• Ashley Simpson

Connecting in a time of social distancing

Updated: Apr 5, 2020

Hello Reader. I was going to wait to publish this site and begin writing, but with everything that is going on with this pandemic, social distancing and stay-at-home orders, changes in birthing procedures due to the pandemic and reducing risk of spread, and general fears about Covid-19... new moms and dads have really been on my heart.

Being pregnant and giving birth is a life-changing thing. This pandemic is changing how a lot of moms/dads/partners are experiencing this. It's ok to mourn not getting to have the birth experience that you dreamed of. It's ok to be sad that you are not able to attend a mommy-and-me class. It's ok to be afraid of catching this virus. In the midst of all of this change, fear, and anxiety we must find a way to slow down, take a breath, and collect ourselves.

Coping with a Pandemic

Gosh, not something I ever even imagined writing.

One main concern I have with this situation we are globally finding ourselves in is the isolation. New moms/dads/partners can already feel isolated... because newborns have weird sleep schedules, because new parents are sleep deprived, because there are general concerns about baby having a compromised immune system and not wanting to expose them to too many germs too quickly.

So how do we remedy this. How do we feel connected when we are being ordered to stay at home.

1. Quality time with your family.

Sit in your coziest spot, with your coziest clothes or blanket, and snuggle. The physical touch, warmth, and sound of your baby and/or partner breathing can be incredibly grounding and bonding. This is a time that you and your partner are going through something that no one from the outside can understand. Everyone's experience with their own baby is unique. Work to bond through this experience by spending a few quiet moments together.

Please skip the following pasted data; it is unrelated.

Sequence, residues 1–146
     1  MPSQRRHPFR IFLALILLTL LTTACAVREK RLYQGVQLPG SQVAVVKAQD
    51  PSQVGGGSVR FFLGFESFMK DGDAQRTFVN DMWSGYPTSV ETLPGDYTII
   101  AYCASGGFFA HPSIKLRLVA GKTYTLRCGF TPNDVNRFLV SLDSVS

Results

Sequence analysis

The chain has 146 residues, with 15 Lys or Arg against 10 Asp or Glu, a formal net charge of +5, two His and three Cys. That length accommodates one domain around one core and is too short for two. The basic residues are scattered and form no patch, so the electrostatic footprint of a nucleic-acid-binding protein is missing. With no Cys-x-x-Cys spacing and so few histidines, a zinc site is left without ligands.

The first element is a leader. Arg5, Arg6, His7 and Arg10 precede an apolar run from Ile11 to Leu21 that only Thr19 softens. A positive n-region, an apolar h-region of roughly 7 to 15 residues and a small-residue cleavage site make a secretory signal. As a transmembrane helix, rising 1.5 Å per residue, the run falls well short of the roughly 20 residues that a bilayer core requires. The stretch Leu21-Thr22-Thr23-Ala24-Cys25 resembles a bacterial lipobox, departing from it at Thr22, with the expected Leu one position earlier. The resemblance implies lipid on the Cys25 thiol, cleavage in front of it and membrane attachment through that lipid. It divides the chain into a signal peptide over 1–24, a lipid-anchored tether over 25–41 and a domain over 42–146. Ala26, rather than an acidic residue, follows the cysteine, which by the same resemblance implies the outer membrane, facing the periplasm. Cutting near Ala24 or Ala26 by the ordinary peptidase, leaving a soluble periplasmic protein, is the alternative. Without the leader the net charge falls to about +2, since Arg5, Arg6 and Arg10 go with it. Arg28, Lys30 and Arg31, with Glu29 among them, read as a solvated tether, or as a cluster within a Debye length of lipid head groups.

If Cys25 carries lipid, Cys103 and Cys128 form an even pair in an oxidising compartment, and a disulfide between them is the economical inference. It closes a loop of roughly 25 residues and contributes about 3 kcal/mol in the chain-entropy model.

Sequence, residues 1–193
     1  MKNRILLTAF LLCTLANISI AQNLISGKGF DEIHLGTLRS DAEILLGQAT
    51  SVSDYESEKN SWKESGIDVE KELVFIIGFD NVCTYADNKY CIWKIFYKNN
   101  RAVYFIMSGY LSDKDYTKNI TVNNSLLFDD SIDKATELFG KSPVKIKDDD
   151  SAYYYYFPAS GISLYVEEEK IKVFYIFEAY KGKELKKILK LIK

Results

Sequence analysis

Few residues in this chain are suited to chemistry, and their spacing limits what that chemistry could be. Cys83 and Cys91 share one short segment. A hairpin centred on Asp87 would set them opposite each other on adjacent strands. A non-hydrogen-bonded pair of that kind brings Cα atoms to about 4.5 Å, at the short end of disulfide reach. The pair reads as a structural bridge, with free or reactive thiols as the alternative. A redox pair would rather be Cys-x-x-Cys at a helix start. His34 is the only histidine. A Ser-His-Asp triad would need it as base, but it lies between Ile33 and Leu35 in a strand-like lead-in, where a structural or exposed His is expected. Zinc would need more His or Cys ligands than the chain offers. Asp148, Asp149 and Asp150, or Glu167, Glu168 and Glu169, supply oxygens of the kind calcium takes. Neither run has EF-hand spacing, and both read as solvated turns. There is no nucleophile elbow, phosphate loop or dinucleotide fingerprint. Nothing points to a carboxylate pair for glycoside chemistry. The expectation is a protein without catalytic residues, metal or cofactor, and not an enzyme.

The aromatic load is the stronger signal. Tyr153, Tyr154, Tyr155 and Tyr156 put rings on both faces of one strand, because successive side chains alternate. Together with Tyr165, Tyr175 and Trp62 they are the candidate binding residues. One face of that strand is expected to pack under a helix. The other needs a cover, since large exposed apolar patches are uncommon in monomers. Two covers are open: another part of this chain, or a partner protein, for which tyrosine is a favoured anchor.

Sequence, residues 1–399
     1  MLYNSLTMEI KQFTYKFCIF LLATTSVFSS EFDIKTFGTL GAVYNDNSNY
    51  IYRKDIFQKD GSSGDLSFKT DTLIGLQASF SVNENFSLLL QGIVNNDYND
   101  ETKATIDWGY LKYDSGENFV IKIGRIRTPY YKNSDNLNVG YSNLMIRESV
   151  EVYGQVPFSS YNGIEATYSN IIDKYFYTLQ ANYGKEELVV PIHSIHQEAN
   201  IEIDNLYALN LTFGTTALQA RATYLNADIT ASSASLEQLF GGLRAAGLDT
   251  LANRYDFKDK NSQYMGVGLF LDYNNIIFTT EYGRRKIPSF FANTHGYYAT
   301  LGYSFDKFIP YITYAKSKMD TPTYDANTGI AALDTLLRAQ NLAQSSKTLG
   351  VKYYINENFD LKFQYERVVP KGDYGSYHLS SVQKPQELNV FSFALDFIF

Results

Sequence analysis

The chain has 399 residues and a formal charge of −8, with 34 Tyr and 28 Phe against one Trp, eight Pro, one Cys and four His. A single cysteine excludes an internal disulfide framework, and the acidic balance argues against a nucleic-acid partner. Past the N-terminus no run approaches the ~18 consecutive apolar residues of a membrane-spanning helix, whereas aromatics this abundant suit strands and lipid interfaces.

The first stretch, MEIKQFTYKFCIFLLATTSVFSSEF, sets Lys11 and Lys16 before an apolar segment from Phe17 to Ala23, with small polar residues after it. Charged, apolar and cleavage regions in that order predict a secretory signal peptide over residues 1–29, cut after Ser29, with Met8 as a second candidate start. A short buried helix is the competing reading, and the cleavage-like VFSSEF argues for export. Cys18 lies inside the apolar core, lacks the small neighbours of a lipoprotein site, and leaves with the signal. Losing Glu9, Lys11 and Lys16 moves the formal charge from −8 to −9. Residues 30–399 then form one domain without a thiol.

2. Video chatting.

This can be a saving grace. Video chat with family, friends, your therapist, whoever you want to talk to. This time seeing each other face to face can make you feel connected because you are able to talk in real time, laugh together, cry together, and experience being together without being physically close.

3. Online support groups.

Postpartum Support International (PSI) has a directory of online support groups that you can access here. This is a way to connect with other moms and professionals to interact and discuss what you are experiencing.

4. Journal.

Reflect on the way that humans right now, while being forced/encouraged to maintain physical distance, are also very connected by this common experience of a pandemic. Reflect on what everyone is going through together in your neighborhood, city, state, etc. We are all truly connected. One human family.

5. Going on a walk.

If you have a safe neighborhood and some space to walk, get outside. In our neighborhood I am seeing neighbors that I have never seen before because now we are all at home. I have had conversations with neighbors from our respective driveways, and even just waving at each other does my heart good. It is a way to see other humans, to know that it is not only you and your family stuck in your house, but all your neighbors are also home, stuck in their houses. Get outside, wave hello, stretch your legs, get some sun, and see some smiling faces that are just as relieved as you are to get out and see other humans.

How are you feeling connected right now in this time of social distancing?

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